Adolescent Therapy with specialized experience in Attention
Deficit Disorders and substance abuse issues.
Therapy with specialized experience in social developmental
delays, post traumatic stress, dissociative disorders and
Group Therapy with
specialized experience in trauma, relationship development,
assertiveness and self-care issues.
Marital Therapy with specialized experience in relationships
destabilized by individual changes in one partner, traumatic
events or developmental life milestones.
I am a Clinical Psychologist in
practice in the Washington, D.C. area since 1986. I went back to
graduate training in Psychology after several years of working in
the international relations area so I maintain a strong interest in
cross cultural issues. Although my original training is in Child and
Adolescent Therapy, I also see adults and couples. During my
graduate education at Duke University I specialized in behavioral
and cognitive approaches, especially social skills therapy with
children and adolescents. During my fellowship training at New York
Hospital-Cornell University Medical Center, I also specialized in
child and adolescent treatment.
My original training in child development strongly influences my
clinical approach with adults and couples. For example, in my work
with many individuals and couples who are "stuck" or troubled, I
often find that important aspects of their personal development have
become stymied or had to be sacrificed in order to deal with some
form of family, relationship or environmental stressor. I have found
an important part of effective therapy involves "jump starting" that
stalled development. Sometimes these developmental delays can be
very serious. For example, someone may lose their ability to
regulate, translate and use specific emotions or perform types of
self-care that can lead to anxiety and depression. In some clients,
there are often personal, relationship, or work barriers that must
be overcome to allow personal development to resume. But once these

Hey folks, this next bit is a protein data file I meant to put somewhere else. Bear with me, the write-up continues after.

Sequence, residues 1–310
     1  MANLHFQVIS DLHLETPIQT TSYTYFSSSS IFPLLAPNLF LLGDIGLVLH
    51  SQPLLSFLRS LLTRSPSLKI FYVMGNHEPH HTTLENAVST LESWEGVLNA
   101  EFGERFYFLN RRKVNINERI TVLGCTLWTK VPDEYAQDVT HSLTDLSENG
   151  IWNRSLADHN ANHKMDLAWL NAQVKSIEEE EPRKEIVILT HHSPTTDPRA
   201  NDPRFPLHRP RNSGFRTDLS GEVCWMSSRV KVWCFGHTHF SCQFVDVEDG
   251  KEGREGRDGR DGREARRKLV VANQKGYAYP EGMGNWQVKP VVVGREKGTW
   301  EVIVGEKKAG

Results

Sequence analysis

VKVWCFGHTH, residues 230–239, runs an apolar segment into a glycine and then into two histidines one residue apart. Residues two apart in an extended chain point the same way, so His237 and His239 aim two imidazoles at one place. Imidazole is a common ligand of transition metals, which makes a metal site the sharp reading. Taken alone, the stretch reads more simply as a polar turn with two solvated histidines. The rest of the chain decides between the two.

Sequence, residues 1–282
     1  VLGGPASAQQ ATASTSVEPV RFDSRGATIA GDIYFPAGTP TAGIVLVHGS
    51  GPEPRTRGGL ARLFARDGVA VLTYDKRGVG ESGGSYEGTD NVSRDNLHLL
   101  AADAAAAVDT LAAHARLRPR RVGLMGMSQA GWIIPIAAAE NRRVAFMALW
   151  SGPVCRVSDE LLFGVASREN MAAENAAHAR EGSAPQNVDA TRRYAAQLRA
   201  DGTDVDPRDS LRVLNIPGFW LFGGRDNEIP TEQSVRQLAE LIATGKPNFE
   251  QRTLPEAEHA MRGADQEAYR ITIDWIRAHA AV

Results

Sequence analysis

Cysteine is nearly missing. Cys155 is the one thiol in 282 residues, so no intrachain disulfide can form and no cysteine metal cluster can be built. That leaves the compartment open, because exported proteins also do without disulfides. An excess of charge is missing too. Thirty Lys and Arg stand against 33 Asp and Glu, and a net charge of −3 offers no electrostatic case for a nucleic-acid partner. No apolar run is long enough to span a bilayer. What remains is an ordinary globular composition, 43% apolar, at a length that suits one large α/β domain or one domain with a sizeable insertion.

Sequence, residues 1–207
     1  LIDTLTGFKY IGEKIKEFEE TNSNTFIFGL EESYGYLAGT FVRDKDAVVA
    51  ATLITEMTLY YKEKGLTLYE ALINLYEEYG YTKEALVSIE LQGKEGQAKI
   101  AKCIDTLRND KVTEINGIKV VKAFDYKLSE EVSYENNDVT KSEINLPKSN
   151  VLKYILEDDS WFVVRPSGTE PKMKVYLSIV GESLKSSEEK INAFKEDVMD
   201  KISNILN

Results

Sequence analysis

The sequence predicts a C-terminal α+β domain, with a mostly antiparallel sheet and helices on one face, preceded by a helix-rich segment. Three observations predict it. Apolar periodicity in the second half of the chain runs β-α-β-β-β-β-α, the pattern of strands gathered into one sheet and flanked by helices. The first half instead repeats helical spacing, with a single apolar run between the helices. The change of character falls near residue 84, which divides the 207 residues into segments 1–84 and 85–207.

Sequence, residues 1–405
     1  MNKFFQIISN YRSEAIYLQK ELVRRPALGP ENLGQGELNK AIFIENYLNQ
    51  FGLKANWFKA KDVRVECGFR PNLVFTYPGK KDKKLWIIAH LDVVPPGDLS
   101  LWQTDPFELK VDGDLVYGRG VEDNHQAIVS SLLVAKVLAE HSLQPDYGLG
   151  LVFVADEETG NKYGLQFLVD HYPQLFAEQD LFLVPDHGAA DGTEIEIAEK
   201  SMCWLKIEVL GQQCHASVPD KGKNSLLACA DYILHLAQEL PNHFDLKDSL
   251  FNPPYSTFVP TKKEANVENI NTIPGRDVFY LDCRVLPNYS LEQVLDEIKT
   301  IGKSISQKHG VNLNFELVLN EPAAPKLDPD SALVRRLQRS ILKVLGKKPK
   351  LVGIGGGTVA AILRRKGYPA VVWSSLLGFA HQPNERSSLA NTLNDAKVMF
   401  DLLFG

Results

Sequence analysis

innate developmental processes "shake loose" their natural energy
and motion often becomes self-reinforcing and self-sustaining. Under
these circumstances, progress is often rapid and rewarding (and my
job gets a lot easier). In addition, those of us who work with
children must learn to work well with parents. As a matter of fact,
some of our most effective therapy with children involves a "child
guidance" model where we work with the parents directly and help
them deal with their child differently.
This type of work has also helped me develop as a couples/marital
therapist. Since moving back to Washington from training in New York
I have taken a strong interest in combining psychodynamic theory
with pragmatic approaches to behavioral change. I became a Founding
member of a psychodynamic training institute for therapists
(Institute for Contemporary Psychotherapy and Psychoanalysis) and
served on its Board and Faculty for several years. I also
participate in peer supervision and reading groups on adolescent
therapy and trauma through this organization. Our teaching and
training focuses on constructing active models of a client's
problematic current functioning and helping them understand how
their emotions, assumptions about
themselves and others, and characteristic behaviors may have been
useful in the past but are not working well now. We can then use a
variety of dynamic, behavioral and cognitive methods to help them
develop new ways of dealing with themselves and others.
Sometimes therapy can be a time-consuming and expensive endeavor.
However, it is my firm belief that therapy should pay for itself in
terms of derived benefits in the areas of love and/or work. I work
to set specific goals for my clients and revisit and judge progress
on these goals at regular intervals. Sometimes individual therapy
may not be the most effective intervention for problems related to
relationships, so many of my individual clients are also involved in
group therapy. Group therapy is an excellent way to practice what
has been learned in individual treatment and a good transition for
departure from individual work. For many persons with specific
social or relationship problems, group therapy alone is often an
excellent treatment format.
My other clinical and academic interests include organizational
behavior, problems in the workplace, leadership, and political
psychology. I also teach at George Washington University and perform
research and consultation for other organizations. Sometimes these
other areas of interest are also of benefit to my clients.
© Copyright 2009 by
Eric D. Shaw, Ph.D.